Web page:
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Area teens compete in world barrel racing championship

There will be more than a few butterflies floating around inside 15-year old Felicity Lynn as she stares down the 60 foot alley awaiting her first ride in the National Barrel Horse Association’s youth and teen world championships.

However, she’ll take comfort in the fact that her horse, Pixie Jay, has been there before and won a championship to boot.

Barrel racing used to be a rodeo event, but has grown into a separate competition. The Georgia National Fairgrounds and Agricenter in Perry, about two hours south of Atlanta, is the host site.

Horse and rider sprint down a 60 foot alley into the main arena to find three barrels set up as a triangle with two barrels in front The rider must guide the horse around the first barrel, then proceed 90 feet across to the second. The third barrel is 105 feet away and it’s another 105 feet back to the finish line. Last year’s winning time was 14.682 seconds.

Felicity’s 13-year old friend and riding partner, Makenzi Horn, rode the 1200 lb. quarter horse to a division title last year and is back for her third straight competition atop Paint Me Proud, a rescue horse that she trained to compete.

The girls story starts with Makenzi’s grandmother, Patricia Everette, who turned her grandfather’s 180 acre tobacco farm in Old Ford into a horse farm after her daughter, Janay, died in an automobile accident six years ago. Janay was 19.

“I was at a loss after it happened, but wanted her memory to live on,” Everette said. “She loved to ride horses, so we cleared about 30 acres, built a house, a barn and a practice arena and opened this place,”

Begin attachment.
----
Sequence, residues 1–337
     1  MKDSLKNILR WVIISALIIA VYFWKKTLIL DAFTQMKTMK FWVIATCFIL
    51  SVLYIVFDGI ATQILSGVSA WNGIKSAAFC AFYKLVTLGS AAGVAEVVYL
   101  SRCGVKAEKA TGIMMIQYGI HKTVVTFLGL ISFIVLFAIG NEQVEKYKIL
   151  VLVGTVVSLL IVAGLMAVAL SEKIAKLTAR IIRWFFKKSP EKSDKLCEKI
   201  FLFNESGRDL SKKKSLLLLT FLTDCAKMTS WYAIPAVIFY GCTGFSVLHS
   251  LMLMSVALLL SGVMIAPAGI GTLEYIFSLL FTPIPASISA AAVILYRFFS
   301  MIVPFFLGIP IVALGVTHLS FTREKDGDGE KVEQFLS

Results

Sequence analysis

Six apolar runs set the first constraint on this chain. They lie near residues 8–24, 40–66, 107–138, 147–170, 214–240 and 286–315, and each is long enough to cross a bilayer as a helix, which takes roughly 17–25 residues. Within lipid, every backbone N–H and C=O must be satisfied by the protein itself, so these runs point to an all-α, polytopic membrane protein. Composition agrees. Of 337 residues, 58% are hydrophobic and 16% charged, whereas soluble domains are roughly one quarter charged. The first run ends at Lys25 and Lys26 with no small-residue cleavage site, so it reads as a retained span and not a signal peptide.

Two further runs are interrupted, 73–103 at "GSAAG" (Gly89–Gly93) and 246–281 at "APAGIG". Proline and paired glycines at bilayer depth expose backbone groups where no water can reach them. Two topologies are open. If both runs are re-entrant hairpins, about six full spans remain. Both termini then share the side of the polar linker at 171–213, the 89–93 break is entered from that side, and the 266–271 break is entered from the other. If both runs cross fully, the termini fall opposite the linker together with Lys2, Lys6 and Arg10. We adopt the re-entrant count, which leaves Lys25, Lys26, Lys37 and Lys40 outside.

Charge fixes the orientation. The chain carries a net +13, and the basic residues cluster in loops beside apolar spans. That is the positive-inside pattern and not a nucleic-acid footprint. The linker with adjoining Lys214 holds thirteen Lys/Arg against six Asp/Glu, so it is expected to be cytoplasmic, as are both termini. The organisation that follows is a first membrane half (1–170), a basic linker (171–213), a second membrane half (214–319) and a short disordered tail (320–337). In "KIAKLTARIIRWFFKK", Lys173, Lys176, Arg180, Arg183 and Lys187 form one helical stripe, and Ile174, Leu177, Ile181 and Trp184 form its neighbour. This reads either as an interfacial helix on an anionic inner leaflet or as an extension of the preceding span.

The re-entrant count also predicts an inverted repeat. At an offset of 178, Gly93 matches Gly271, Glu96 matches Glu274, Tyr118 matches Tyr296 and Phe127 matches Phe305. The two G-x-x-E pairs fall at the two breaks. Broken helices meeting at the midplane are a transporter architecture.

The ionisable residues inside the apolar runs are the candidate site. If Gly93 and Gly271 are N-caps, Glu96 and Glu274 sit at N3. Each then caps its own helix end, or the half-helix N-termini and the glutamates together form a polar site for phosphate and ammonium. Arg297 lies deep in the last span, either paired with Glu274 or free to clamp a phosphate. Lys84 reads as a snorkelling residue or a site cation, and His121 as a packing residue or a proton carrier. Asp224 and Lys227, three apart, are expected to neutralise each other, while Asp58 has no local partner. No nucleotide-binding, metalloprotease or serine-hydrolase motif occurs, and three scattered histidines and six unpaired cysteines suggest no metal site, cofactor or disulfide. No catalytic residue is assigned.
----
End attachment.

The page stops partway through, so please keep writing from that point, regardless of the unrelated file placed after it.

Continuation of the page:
This place would be Nay Nay’s Peace of Heaven, where Everette partners with Beaufort County Animal Control to house and feed horses their owners no longer want.

“We’ve had 25 or 30 come through here since we opened and all have good homes now,” Everette said. “Makenzi started riding when she was three and taught Felicity a year and a half ago and here we are.”

Everette’s daughter, Krista Horn, teaches math at Chocowinity Middle School. Felicity was one of her students and expressed interest in horses, so Horn introduced her to the family passion.

“It took me a couple of months to feel comfortable on a horse and Makenzi showed me how to keep my balance and to communicate with the horse. We practice almost every day and we both really like it. It’s really cool to go that fast on a horse and still stay on.”

The girls have ridden in South Carolina, Virginia, Benson, Fletcher and Lumberton before the state finals in Williamston last month.

“It’s fun to do something not many people do,” Makenzi said. “I’ve ridden most of my life and going to the same place for the third time will help me not be as nervous.”

The local traveling party will leave over the weekend to prepare for Monday’s first round. Close to 500 riders will compete for one of 60 spots in Saturday’s finals.

The fastest times determine placement and hundredths of one second makes a difference.

“It is a 15 second adrenaline rush,” Felicity said. “You have to focus all your attention on guiding your horse around the barrels as fast as she can go. It might sound stressful, but it’s actually a stress reliever to me. Whenever I get mad, I just go for a ride and come back much better.”